Completed in 1984, the House in Yokohama remains a standout example of the innovative and influential residential designs of Japanese architect Kazuo Shinohara (1925-2006). Shinohara was known for his blend of traditional Japanese architecture and modernist design principles, and this house is a testament to his long-lasting architectural convictions.
The house features a distinctive black exterior with a sloping roof that creates a sense of dynamism and movement. The interior is characterized by a series of interconnected spaces that flow seamlessly into one another, creating a sense of openness and flexibility. The use of natural materials, such as wood and stone, adds warmth and texture to the space.
Shinohara’s attention to detail is evident throughout the house, from the carefully crafted joinery to the use of sliding partitions to create adaptable living spaces. The house is designed to be both functional and beautiful, with a strong emphasis on the relationship between the interior and exterior spaces.
Yokohama House Technical Information
- Architects: Kazuo Shinohara | Kazuo Shinohara’s Bibliography
- Location: Yokohama, Japan
- Program: Residential House
- Project year: 1984
- Interior photographs: © Terutaka Hoashi, © Enric Massip-Bosch
It is hugely important to understand the process of designing a tiny work. On the one hand, there are so many tall buildings around us, such as in Shinjuku, but they possess no power. Then there is the tiny house I constructed on a small budget making use of inexpensive materials, and somehow this tiny house exerts influence.
– Kazuo Shinohara in Conversation with Hans Ulrich Obrist1
Yokohama House by Kazuo Shinohara Article
Text by the Architect
The House in Yokohama, completed in 1986, was Japanese architect Kazuo Shinohara’s attempt to show the discreteness of both two-dimensional and three-dimensional shapes in one project.
Using lots of geometrical forms in his design, such as the quarter cylinder for the main building and triangular windows, the form of the house itself is an experiment of stimulating a different spatial experience through living in spaces of non-everyday shapes.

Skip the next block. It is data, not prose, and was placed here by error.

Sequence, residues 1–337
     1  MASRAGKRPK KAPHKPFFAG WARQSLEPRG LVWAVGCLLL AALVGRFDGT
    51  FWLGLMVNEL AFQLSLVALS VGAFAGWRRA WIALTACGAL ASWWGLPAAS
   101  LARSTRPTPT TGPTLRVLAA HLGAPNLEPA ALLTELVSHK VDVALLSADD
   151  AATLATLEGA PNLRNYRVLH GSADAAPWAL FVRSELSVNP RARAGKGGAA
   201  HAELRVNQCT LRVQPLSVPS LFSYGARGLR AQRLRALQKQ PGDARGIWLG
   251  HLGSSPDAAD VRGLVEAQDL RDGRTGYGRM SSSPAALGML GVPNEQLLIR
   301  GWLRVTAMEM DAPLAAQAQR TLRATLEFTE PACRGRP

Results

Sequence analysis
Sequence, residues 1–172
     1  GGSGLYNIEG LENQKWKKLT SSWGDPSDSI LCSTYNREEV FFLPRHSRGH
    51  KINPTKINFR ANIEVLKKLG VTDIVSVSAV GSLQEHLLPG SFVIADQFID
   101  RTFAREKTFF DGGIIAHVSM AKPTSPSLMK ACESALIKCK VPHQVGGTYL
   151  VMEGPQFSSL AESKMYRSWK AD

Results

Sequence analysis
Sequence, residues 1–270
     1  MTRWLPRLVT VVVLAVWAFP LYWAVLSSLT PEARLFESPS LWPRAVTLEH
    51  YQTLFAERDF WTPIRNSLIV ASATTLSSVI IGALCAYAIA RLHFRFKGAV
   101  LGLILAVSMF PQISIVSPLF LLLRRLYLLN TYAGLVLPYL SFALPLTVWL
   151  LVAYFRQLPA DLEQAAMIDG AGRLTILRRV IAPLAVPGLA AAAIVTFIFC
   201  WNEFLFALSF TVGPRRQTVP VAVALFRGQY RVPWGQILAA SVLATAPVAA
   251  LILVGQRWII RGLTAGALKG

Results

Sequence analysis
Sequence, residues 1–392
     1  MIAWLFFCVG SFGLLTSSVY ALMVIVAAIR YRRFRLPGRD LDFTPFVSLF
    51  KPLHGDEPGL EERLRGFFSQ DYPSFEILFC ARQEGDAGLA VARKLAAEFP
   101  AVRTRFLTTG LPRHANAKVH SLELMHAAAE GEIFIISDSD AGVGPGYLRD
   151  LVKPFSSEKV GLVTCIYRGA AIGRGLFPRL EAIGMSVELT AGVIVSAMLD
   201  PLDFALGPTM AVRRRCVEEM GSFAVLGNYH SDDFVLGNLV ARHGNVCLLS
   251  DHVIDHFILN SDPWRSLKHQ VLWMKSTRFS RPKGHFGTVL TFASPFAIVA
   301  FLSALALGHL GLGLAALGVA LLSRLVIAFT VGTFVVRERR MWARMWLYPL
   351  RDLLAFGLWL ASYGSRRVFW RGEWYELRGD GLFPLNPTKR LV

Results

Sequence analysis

While one can still discern the discrete geometric shapes of the house, it is evident that the design is a chaotic one; it is the architect’s deliberate interpretation of how to embrace the beauty of chaos of cities in an architectural language.
The Japanese house is the ground of being for Shinohara both figuratively and literally (three of his built projects utilize Earthen floors). From there he developed an autonomous research-driven practice unlike any other at the time, one that seemed to simultaneously transcend and perfectly contain his era. In a conversation with Hans-Ulrich Obrist recently republished in Quaderns, Shinohara remarked that his chaotic bent was very “un-avant-garde” at a time when the architects of the International Style prioritized the near fascist ordeal of total order.
One gets the impression that Shinohara was kind of out there: too cool for the Metabolists, too intellectual for paper Modernists, evasive of the press, exalted by his students (Ito, Hasegawa, Sakamoto), and highly respected by his clients who were more often than not other artists, writers, poets, art directors, film producers, and intellectuals of all stripes. He is revered by contemporary Japanese firms like SANAA and Atelier Bow Wow. Shinohara is an architect’s architect if there ever was one. His reputation for uncompromising integrity is flawless. To this end, he maintained strict control over the publication of his work.
– Jon Leon in The Art Book Review
Yokohama House Plans
Yokohama House by Kazuo Shinohara Gallery
About Kazuo Shinohara
Kazuo Shinohara (1925-2006) was a Japanese architect, educator, and writer. Before practicing architecture, he studied mathematics, which influenced his particular conception of architecture and the city. Between 1958 and 1978, Shinohara completed thirty-eight private residences, demonstrating his ongoing interest in the relationship between the small scale of single-family houses and the conception of the whole city and recurrent themes in Metabolism towards which he maintained a critical stance in several respects.
He has proved to be one of the most influential architects of his generation in shaping contemporary Japanese architecture. His influence stretches from Toyo Ito, Itsuko Hasegawa, and Kazunari Sakamoto, via Kazuyo Sejima, to the many excellent young studios working today. Nevertheless, his work remains little known in the West, partly due to the scarcity of publications on his work – which in turn was due to the rigorous control the architect maintained over the publication of his work. Shinohara carefully selected the photographs and texts that accompanied each project and even refused Gustavo Gili’s first proposal in 2001 to revisit and photograph his buildings.
- Hans Ulrich Obrist: Interviews, Volume 2, February 28, 2010 by Charles Arsène-Henry, Shumon Basar, Karen Marta, Hans Ulrich Obrist